Crypto collectibles are an emerging asset class within the crypto space. They are relatively new and different than cryptocurrencies most people use such as Bitcoin, Ethereum and ERC-20 tokens, but not difficult to understand.
In this article, I’ll try to explain crypto collectibles, also known as non-fungible tokens, without going into technical details.
The difference between cryptocurrencies and crypto collectibles
The key difference between a cryptocurrency and a crypto collectible is fungibility, so you first need to know about fungibility.
Fungibility is defined in Merriam-Webster as follows: Property of a good or a commodity whose individual units are essentially interchangeable.
Cryptocurrencies are fungible digital assets. For instance, each unit of Bitcoin is equivalent with other units of Bitcoin.
You can’t have an exclusive 0.23 or 1 Bitcoin whose value can be higher than the same amount of Bitcoin owned by other people. The valuation of cryptocurrencies is pretty simple, the price of a cryptocurrency is determined by the relationship between the demand and the supply.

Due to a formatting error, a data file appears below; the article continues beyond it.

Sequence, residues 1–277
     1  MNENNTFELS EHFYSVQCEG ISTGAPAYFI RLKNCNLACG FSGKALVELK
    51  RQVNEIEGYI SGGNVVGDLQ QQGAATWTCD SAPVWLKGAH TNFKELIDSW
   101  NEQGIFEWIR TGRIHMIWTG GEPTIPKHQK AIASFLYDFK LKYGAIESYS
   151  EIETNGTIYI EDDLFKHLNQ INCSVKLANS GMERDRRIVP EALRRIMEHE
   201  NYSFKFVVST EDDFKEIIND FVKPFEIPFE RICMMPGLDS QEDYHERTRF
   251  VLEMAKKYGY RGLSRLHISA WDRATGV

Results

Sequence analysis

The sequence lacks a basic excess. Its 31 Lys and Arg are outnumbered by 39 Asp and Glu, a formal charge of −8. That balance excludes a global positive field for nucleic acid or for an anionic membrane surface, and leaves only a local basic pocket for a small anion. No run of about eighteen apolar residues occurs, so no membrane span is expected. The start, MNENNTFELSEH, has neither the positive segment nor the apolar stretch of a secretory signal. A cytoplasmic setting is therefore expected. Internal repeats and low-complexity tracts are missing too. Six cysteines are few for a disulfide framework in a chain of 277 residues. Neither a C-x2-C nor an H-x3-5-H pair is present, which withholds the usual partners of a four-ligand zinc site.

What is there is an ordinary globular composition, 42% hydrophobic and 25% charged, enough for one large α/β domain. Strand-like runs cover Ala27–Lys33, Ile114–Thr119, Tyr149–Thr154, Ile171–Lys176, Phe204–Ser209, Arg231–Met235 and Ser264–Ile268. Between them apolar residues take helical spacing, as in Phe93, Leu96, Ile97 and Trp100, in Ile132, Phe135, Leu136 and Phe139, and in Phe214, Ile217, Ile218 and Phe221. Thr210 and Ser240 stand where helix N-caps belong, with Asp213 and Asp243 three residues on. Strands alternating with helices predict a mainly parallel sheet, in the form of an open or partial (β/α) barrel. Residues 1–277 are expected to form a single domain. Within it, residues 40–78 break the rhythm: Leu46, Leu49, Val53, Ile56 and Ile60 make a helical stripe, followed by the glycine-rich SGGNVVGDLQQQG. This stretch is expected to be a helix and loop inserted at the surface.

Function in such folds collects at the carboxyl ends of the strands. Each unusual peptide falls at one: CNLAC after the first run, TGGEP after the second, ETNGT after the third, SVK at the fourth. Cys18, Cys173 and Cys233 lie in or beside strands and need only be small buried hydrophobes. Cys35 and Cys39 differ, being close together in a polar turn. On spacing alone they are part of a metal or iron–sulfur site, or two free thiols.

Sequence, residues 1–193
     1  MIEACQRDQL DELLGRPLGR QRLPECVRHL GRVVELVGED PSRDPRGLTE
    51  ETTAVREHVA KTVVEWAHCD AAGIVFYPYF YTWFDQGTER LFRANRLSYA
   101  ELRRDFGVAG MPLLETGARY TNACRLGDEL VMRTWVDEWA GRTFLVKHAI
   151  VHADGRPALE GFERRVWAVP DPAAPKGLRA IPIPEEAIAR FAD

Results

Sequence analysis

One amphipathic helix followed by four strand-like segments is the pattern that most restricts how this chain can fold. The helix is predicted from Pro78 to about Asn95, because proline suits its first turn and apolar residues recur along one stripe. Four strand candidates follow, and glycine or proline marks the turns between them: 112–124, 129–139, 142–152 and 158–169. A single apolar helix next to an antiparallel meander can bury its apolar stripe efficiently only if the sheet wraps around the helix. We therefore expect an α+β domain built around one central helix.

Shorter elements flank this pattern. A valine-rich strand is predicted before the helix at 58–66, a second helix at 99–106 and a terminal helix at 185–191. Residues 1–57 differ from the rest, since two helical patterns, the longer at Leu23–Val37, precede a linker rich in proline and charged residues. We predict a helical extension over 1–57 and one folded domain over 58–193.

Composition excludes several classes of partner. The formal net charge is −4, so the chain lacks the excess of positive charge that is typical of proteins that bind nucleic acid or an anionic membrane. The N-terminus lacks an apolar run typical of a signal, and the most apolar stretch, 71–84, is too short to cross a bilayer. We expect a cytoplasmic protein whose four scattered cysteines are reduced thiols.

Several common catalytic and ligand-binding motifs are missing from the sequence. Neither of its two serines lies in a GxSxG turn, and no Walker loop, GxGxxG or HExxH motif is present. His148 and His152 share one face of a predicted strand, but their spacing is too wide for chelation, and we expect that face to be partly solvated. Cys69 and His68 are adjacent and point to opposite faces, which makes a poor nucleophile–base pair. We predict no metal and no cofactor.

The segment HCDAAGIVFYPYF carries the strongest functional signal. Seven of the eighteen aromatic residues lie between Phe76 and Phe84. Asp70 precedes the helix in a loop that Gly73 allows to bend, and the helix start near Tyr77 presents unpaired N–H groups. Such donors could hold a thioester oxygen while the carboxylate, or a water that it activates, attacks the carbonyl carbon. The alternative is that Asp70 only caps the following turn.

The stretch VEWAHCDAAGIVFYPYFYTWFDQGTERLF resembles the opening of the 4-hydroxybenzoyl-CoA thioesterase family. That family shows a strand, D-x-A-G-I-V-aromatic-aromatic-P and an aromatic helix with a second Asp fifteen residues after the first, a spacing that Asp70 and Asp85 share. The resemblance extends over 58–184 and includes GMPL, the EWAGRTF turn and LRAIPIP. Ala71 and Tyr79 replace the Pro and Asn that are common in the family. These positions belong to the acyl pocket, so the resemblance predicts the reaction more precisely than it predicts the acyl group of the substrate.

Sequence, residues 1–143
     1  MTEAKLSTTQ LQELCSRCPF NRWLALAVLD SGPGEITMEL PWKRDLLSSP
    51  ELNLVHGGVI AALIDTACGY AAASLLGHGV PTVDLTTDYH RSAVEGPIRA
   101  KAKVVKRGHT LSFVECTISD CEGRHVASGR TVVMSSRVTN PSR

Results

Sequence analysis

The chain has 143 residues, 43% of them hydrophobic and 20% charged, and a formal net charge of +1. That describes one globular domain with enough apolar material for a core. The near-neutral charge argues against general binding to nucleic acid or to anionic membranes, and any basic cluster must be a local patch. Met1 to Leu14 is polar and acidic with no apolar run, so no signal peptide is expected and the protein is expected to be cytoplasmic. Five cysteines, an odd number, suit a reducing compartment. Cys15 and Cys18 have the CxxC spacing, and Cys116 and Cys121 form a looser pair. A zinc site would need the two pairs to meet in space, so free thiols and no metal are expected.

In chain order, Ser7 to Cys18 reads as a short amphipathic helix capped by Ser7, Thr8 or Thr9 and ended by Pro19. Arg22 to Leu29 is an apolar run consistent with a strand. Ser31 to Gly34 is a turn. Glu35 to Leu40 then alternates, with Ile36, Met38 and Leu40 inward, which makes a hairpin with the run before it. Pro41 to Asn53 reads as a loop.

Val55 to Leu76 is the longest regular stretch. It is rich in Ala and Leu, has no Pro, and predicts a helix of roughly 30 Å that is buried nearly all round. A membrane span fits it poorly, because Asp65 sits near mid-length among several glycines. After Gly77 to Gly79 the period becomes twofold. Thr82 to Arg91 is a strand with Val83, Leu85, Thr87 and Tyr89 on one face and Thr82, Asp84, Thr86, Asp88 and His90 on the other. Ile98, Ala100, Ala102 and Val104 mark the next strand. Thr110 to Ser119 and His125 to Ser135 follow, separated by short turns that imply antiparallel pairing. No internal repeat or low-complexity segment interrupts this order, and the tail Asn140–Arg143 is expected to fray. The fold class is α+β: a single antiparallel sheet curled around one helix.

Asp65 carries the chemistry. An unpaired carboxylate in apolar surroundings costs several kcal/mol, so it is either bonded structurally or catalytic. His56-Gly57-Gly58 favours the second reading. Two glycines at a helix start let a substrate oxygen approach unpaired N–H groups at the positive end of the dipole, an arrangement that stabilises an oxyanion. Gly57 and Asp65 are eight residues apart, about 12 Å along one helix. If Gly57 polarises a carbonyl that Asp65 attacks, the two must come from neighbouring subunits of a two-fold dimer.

So, if you have a large amount of a cryptocurrency, then you have more money compared to having a smaller amount of that particular cryptocurrency.
But, for crypto collectibles, there are no smaller units and each asset is unique. So, the valuation of crypto collectibles are more complex and depends on various factors.
What is a crypto collectible?
A crypto collectible, on the other hand, is a unique digital asset which can be anything such as a card or a cat, represented with non-fungible tokens on blockchains. Non-fungible tokens are created with Ethereum’s ERC-721 standard.
While non-fungible tokens (NFTs) are today mostly used for in-game items, to represent each unique assets players own in a game, NFTs, in fact, have a wide variety of use cases.
For instance, non fungible tokens can be used to represent houses, historical artifacts and paintings on the blockchain.
The valuation of crypto collectibles
For coins, ERC-20 tokens and other tokens created with different protocols, the relationship between the demand and the supply determines the price of an individual unit of those cryptocurrencies.
As each crypto collectible is unique and non-fungible, you can’t look at price checking sites such CoinMarketCap or exchanges to get an idea about the value of crypto collectibles, but you can see the historical pricing of crypto collectibles.
There are rather ”marketplaces” for crypto collectibles, which you can use to sell or buy crypto collectibles and explore their historical pricing and ownership.
A crypto collectible gets its value mainly from its rarity and utility. It might be hard to value a crypto collectible, but you don’t always need to do that thanks to OpenSea‘s bidding feature. For more information about the valuation of crypto collectibles, please refer to this article.